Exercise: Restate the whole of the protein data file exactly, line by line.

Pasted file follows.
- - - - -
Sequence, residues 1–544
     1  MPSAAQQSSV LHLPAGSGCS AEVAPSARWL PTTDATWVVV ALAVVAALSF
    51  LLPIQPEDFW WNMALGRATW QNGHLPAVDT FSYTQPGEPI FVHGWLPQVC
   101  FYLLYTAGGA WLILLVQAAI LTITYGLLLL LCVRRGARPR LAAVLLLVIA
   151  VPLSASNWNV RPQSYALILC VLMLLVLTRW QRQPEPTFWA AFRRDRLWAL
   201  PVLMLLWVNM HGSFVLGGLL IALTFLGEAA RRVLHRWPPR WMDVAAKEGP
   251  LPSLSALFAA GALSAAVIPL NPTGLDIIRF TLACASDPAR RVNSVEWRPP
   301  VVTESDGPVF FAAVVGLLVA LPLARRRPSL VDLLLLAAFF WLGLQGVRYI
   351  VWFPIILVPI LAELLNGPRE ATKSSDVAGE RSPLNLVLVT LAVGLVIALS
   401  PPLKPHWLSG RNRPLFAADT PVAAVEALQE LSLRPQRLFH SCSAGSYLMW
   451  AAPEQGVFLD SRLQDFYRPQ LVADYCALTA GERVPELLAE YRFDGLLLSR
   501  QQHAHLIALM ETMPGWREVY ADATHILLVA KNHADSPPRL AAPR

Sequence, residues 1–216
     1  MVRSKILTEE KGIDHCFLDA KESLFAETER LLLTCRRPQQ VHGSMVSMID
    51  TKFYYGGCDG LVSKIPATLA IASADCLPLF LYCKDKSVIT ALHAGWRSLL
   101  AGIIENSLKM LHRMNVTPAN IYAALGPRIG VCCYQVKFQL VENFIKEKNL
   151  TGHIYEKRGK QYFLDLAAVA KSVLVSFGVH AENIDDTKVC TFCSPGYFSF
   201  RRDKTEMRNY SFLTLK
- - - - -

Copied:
Sequence, residues 1–544
     1  MPSAAQQSSV LHLPAGSGCS AEVAPSARWL PTTDATWVVV ALAVVAALSF
    51  LLPIQPEDFW WNMALGRATW QNGHLPAVDT FSYTQPGEPI FVHGWLPQVC
   101  FYLLYTAGGA WLILLVQAAI LTITYGLLLL LCVRRGARPR LAAVLLLVIA
   151  VPLSASNWNV RPQSYALILC VLMLLVLTRW QRQPEPTFWA AFRRDRLWAL
   201  PVLMLLWVNM HGSFVLGGLL IALTFLGEAA RRVLHRWPPR WMDVAAKEGP
   251  LPSLSALFAA GALSAAVIPL NPTGLDIIRF TLACASDPAR RVNSVEWRPP
   301  VVTESDGPVF FAAVVGLLVA LPLARRRPSL VDLLLLAAFF WLGLQGVRYI
   351  VWFPIILVPI LAELLNGPRE ATKSSDVAGE RSPLNLVLVT LAVGLVIALS
   401  PPLKPHWLSG RNRPLFAADT PVAAVEALQE LSLRPQRLFH SCSAGSYLMW
   451  AAPEQGVFLD SRLQDFYRPQ LVADYCALTA GERVPELLAE YRFDGLLLSR
   501  QQHAHLIALM ETMPGWREVY ADATHILLVA KNHADSPPRL AAPR

Sequence, residues 1–216
     1  MVRSKILTEE KGIDHCFLDA KESLFAETER LLLTCRRPQQ VHGSMVSMID
    51  TKFYYGGCDG LVSKIPATLA IASADCLPLF LYCKDKSVIT ALHAGWRSLL
   101  AGIIENSLKM LHRMNVTPAN IYAALGPRIG VCCYQVKFQL VENFIKEKNL
   151  TGHIYEKRGK QYFLDLAAVA KSVLVSFGVH AENIDDTKVC TFCSPGYFSF
   201  RRDKTEMRNY SFLTLK